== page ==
DIABETES CARE – INSULIN THERAPY

  • What is insulin?
  • Who needs insulin?
  • If the blood sugars are uncontrolled and doctor has prescribed insulin. Can a person control blood sugar by oral medicine?
  • If one is taking insulin, does that mean his disease condition is severe?
  • If one is started with insulin therapy, he has to follow it throughout life. Is it true?
  • Can insulin therapy be substituted with some form of an oral medicine?
  • What is the ideal time to inject insulin?
  • Are insulin injections painful?
  • Where is insulin injected?
  • Is it necessary to rotate the insulin injection site?
  • Does injecting insulin slowly affect its absorption rate?
  • At what angle should insulin be injected?
  • Why do I have to match the insulin strength to the syringe units?
  • Does exercise affect the rate of insulin absorption?
  • Is it ok to keep the insulin pens in freezer?
  • Why should we not vigorously shake the vial before drawing insulin?
  • Can syringes and pen needles be reused?
  • What about some of the non-invasive ways of administering insulin? Are these reliable?
  • How can insulin be carried during travelling?
What is insulin?

Insulin is a naturally occurring hormone secreted by the pancreas. It acts like a key to the door lock of cells. The food that we eat is broken down into glucose by the body and insulin aids in the movement of this glucose from the blood to the body cells. This glucose or sugar serves as the primary source of energy.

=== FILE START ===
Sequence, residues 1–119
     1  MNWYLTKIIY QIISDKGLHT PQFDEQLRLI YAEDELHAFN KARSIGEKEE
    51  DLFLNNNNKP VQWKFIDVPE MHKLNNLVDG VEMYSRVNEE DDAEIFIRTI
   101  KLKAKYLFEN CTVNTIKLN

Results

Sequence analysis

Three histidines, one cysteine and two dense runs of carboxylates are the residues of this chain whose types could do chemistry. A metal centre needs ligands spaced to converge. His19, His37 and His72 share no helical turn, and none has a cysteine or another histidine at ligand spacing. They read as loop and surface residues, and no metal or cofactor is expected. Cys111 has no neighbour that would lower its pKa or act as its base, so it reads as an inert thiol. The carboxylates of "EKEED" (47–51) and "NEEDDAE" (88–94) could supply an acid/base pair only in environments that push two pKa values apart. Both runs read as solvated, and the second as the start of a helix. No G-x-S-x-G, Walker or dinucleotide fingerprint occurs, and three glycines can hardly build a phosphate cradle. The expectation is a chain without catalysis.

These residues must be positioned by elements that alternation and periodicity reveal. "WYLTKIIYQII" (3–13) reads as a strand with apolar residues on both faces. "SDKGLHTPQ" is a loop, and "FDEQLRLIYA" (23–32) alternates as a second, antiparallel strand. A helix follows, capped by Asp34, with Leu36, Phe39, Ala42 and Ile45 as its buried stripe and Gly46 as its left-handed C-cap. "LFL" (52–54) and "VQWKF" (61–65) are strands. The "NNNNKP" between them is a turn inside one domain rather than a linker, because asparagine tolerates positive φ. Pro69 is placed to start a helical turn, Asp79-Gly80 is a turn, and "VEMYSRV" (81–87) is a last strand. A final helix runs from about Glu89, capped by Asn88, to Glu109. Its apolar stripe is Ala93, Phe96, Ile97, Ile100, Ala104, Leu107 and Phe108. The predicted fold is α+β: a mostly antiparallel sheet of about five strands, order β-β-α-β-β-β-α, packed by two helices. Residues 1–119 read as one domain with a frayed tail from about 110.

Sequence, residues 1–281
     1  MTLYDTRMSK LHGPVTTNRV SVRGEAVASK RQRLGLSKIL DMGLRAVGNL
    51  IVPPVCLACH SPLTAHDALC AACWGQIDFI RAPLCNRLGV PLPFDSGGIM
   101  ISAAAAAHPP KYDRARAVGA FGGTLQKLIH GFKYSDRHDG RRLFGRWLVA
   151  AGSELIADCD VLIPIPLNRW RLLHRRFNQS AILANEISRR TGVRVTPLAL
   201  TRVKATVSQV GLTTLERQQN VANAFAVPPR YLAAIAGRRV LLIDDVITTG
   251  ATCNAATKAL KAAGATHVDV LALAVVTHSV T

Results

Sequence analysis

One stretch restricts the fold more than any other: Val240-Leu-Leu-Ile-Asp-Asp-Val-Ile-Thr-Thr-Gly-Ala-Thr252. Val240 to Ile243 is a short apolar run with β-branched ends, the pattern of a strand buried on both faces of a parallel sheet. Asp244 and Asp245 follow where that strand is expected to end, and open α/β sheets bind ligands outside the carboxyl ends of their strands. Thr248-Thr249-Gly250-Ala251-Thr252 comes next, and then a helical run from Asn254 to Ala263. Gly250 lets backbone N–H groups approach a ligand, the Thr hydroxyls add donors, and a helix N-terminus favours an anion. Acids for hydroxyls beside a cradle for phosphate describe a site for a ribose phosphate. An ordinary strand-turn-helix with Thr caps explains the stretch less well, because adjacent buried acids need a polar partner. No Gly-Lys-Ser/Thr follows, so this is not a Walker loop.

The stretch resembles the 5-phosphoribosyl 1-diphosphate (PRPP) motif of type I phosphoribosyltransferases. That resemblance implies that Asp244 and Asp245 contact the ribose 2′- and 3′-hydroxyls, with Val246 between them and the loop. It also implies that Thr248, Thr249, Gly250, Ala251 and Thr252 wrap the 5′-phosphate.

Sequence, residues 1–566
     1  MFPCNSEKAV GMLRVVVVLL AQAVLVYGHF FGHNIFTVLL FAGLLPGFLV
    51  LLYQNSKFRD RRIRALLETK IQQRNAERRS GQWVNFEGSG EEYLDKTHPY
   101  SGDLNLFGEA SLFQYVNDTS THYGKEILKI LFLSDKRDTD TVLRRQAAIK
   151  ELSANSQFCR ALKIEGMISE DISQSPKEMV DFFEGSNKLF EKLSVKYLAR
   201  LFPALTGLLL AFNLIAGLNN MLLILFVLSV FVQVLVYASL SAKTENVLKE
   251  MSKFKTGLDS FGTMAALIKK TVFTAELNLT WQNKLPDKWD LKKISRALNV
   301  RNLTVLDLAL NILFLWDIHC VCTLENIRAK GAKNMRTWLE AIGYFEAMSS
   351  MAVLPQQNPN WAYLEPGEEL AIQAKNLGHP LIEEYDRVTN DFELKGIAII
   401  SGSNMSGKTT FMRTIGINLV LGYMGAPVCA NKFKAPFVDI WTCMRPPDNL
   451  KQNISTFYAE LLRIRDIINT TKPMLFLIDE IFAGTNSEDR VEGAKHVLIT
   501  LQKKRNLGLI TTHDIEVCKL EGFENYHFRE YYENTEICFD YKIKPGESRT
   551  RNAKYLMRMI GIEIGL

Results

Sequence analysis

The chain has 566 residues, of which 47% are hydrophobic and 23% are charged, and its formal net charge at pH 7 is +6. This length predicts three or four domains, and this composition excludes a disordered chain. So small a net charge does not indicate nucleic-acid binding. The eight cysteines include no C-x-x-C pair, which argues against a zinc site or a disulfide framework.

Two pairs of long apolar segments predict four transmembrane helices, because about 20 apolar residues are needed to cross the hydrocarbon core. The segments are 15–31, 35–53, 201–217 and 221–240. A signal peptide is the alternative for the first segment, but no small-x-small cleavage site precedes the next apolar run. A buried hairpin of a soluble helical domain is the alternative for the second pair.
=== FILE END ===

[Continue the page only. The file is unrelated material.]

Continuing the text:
Who needs insulin?

Many people with diabetes are prescribed insulin, either because their bodies do not produce any insulin (type 1 diabetes) or do not use insulin properly (type 2 diabetes).The other group of people who may require insulin are women who develop diabetes during pregnancy (gestational diabetes).

If the blood sugars are uncontrolled and doctor has prescribed insulin. Can a person control blood sugar by oral medicine?

It is a common practice to start on with oral medication before insulin in type 2 diabetics; you may start on insulin based on several factors, including the following:

  • Duration of diabetes
  • Levels of blood glucose
  • What all medicines the patient is taking
  • Severity of associated complications
  • Current health status.

Some people with type 2 diabetes have to use a combination therapy in order to control their blood sugars i.e. take oral drugs along with insulin shots.

If one is taking insulin, does that mean his disease condition is severe?

No, insulin is given when the sugars are very high or oral drugs fail to achieve sugar control. Sometimes insulin is given temporarily like before a major surgery or during hospitalization and may be withdrawn or continued depending on the existing scenario.

If one is started with insulin therapy, he has to follow it throughout life. Is it true?

Once diagnosed, type 1 diabetics need insulin for life  because the body is deficient in making insulin but daily injections can be avoided using an insulin pump .In type 2 diabetes, insulin may be used temporarily or for long-term depending upon the severity of their disease.

Can insulin therapy be substituted with some form of an oral medicine?